And the Winner of the 2013 Templeton Prize is…

tutu-templeton-prizeDesmond Tutu, the former Anglican archbishop of Cape Town, who gained international fame for his leading role in the struggle against apartheid in South Africa has been awarded the 2013 Templeton Prize which is worth about $1.7 Million.
The prize was awarded to Desmond Tutu “for his life-long work in advancing spiritual principles such as love and forgiveness which has helped to liberate people around the world,” announced on Thursday the John Templeton Foundation.
Tutu rose to world prominence with his stalwart – and successful – opposition to South Africa’s apartheid regime, started in the 1970s, when Tutu used positions within the church to focus global attention on the segregation practices of South Africa’s ruling minority, the foundation said in a press release posted on its website.
The foundation, based in West Conshohocken, Pennsylvania, also underscored Tutu’s role as chairman of the Truth and Reconciliation Commission set up during Nelson Mandela’s first presidential term in the early 90s to investigate human rights violations during apartheid.
Desmond Tutu, who served as archbishop at St. George’s Cathedral in Cape Town from 1986 to 1996, “employed a revolutionary and relentless policy of confession, forgiveness and resolution that helped shepherd his nation from institutionalized racial repression toward an egalitarian democracy,” the release states.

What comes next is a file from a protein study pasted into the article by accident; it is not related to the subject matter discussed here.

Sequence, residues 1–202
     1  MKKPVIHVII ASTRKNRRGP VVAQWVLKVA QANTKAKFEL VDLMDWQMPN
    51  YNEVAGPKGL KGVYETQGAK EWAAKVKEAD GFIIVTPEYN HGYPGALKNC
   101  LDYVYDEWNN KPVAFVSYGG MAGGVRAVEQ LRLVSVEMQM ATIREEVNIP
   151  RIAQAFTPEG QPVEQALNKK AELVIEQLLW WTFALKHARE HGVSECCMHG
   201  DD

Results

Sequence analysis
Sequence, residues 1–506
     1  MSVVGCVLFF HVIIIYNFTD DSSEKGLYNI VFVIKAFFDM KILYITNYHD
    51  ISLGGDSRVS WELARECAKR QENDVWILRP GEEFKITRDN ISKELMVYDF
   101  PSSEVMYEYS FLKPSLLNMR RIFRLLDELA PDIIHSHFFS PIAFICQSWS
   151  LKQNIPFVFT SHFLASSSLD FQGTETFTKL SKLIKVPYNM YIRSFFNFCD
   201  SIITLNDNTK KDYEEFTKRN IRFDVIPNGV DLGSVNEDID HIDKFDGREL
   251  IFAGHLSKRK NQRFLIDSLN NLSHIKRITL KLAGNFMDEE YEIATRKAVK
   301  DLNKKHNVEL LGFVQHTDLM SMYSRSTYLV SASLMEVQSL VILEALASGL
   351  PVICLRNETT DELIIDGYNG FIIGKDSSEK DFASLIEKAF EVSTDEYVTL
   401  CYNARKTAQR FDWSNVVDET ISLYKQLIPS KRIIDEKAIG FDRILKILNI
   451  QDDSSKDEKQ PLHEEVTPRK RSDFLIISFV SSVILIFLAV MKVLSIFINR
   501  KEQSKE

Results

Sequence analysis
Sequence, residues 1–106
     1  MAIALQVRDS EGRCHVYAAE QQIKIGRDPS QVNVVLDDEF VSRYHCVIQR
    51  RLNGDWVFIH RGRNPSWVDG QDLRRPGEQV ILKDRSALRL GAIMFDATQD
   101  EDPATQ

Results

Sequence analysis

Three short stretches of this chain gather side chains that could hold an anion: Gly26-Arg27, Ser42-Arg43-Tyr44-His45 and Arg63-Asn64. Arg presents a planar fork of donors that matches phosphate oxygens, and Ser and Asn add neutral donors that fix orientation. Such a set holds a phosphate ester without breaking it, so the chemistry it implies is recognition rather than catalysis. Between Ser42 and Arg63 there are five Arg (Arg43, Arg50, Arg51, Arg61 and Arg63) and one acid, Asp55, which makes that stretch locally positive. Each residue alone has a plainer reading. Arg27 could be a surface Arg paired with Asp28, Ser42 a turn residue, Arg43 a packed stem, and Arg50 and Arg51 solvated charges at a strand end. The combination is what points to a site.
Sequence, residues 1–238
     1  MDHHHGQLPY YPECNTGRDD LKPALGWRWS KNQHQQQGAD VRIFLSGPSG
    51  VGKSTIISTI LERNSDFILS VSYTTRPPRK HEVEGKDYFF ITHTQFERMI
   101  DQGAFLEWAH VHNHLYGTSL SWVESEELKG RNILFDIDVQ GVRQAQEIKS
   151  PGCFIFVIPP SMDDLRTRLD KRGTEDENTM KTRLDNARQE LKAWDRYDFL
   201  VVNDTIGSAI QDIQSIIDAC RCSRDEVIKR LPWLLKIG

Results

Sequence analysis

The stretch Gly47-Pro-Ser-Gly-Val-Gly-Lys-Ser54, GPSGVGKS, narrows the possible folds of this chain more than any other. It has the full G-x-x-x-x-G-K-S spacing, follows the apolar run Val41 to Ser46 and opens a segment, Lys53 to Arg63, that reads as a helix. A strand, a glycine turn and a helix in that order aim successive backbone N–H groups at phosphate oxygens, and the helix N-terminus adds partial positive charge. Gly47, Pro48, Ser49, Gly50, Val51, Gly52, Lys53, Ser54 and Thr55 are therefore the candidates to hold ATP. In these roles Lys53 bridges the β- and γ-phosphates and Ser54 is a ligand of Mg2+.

In 2007, Desmond Tutu, along with Nelson Mandela, formed The Elders group that gathers several former world leaders who devote themselves to working for peace and human rights in trouble spots around the world.
The former Archbishop has also received the Presidential Medal of Freedom, America’s highest civilian honor, from President Barack Obama in 2009.
Tutu will receive the Templeton Prize at a public ceremony at the Guildhall in London on May 21.
The Templeton Prize, considered to be the world’s largest annual monetary award for the past 40 years, honors a living person who has made exceptional contributions to affirming life’s spiritual dimension.
Established in 1972 by the late global investor and philanthropist Sir John Templeton, the prize was first given to Mother Teresa in 1973.
The prize monetary value is set always to exceed the Nobel Prizes to underscore Templeton’s belief that benefits from discoveries that illuminate spiritual questions can be quantifiably more vast than those from other worthy human endeavors.

About Geraldine Boechat 2633 Articles
Senior Editor for Medafrica Times and former journalist for Swiss National Television. former NGO team leader in Burundi and Somalia